Like a headlong charge in some medieval battle, Turkish soccer fans rushed at police barricades along an Istanbul expressway on July 10. The police immediately fired tear gas to disperse the crowd of more than 100,000 people who had gathered to demonstrate against the detainment of Aziz Yıldırım, president of their popular soccer club Fenerbahce, the 2010-11 Turkish champions.
To rub in the arrest, it was announced soon thereafter that Yıldırım would be jailed indefinitely as he faced trial for alleged match-fixing. The main accusation against him is “setting up an armed organized crime ring for profit,” which seems rather flimsy. Enraged fans then continued their protest outside the courthouse where Yildirim is being held.
Like something out of a Soviet bloc country rather than Turkey’s traditional democracy, the government and its supporters spoke of “an Ergenekon of soccer,” a comparison to the trumped-up case in which many hundreds have been arrested and imprisoned without trial for three years. They were charged with allegedly planning a coup. Their actual “crime” seems opposition to the current government.
One reporter for the pro-government and Islamist Today’s Zaman newspaper, Huseyin Gulerce, spoke about networks of “coupmakers” and subversive elements in soccer that would now be brought to heel. “Today, the civilian authority is calling the shots” and its enemies “are doomed to lose.” The timing of the soccer struggle coincides with the resignation of the four top military officers, another case of the government asserting itself over a key institution.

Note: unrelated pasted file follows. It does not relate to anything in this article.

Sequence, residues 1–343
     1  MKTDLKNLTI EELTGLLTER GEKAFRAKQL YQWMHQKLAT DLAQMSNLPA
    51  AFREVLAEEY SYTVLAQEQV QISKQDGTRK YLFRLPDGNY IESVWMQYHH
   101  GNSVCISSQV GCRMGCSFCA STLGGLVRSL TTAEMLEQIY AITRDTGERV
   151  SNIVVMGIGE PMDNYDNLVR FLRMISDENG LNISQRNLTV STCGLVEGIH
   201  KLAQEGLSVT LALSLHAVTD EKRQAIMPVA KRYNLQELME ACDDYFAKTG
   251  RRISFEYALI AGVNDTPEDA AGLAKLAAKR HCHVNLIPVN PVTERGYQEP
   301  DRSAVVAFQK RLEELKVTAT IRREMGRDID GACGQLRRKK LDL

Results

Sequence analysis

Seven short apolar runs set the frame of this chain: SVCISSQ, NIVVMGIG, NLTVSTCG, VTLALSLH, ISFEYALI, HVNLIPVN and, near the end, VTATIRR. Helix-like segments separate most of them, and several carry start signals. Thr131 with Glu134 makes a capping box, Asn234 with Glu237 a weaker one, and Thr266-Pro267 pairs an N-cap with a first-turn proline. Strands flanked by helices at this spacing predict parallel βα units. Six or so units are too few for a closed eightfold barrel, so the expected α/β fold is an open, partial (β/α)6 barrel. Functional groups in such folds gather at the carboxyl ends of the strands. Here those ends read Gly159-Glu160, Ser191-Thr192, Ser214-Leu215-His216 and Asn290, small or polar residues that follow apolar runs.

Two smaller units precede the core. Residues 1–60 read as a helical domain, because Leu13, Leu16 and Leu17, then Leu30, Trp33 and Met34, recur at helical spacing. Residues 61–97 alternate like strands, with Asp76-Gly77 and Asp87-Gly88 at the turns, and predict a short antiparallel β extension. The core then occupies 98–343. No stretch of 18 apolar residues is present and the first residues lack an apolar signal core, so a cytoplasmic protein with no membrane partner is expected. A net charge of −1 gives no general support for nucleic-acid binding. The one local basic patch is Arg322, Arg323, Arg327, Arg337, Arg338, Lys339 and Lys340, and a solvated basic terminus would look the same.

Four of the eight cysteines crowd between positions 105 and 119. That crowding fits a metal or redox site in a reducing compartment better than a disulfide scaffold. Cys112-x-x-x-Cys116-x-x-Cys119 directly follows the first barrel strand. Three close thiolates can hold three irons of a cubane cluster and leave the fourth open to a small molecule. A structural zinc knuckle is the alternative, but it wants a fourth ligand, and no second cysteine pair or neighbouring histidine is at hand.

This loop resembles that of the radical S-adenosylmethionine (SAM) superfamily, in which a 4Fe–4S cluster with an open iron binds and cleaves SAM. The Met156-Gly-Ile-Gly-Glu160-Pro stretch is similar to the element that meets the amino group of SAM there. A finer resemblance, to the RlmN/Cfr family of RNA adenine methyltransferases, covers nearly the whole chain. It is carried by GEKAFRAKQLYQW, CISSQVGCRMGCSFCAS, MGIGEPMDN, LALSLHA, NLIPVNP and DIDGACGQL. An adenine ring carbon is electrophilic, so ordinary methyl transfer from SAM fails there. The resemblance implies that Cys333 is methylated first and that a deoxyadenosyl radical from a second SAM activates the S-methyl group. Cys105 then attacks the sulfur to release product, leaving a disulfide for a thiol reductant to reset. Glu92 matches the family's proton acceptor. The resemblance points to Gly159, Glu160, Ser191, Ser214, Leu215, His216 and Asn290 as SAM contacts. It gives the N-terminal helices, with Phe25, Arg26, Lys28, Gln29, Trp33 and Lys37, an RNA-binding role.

When Turkish voters approved the September 12, 2010 referendum on 26 items of constitutional change, the United States and EU hailed the results as proving “the vibrancy of Turkey’s democracy” and “a step in the right direction.”
Yet the referendum clearly violated the EU Venice Commission’s own Code of Good Practice on Referendums, which states (page 12), “There must be an intrinsic connection between the various parts of each question put to the vote, in order to guarantee the free suffrage of the voter.” Some popular reforms were blended with other changes giving the regime more power. Many voters supported the plan because of the former provisions while disliking the latter ones.
The international cheering for “democratization” goes on while generals, civic leaders, writers, and journalists have been imprisoned since the government’s July 2007 landslide election victory convinced it that it no longer needed to be cautious in asserting its hegemony. Not a single person has yet been convicted. One of the first jailed, writer Ergun Poyraz, marked his fourth anniversary in prison on July 27. Eight newly elected members of the parliament are still in jail, too.
The referendum gave Prime Minister Erdogan the ability to pick members of the high court and in some cases parliament, thus subordinating all three branches of government to himself. Thus the ultimate irony: Erdogan was granted dictatorial powers in the name of democratization. In addition, the Turkish police force, YÖK (Higher Education Board), Diyanet (Presidency of Religious Affairs), and the Turkish Central Bank among numerous other institutions are now controlled by the governing party, its cronies, and supporters.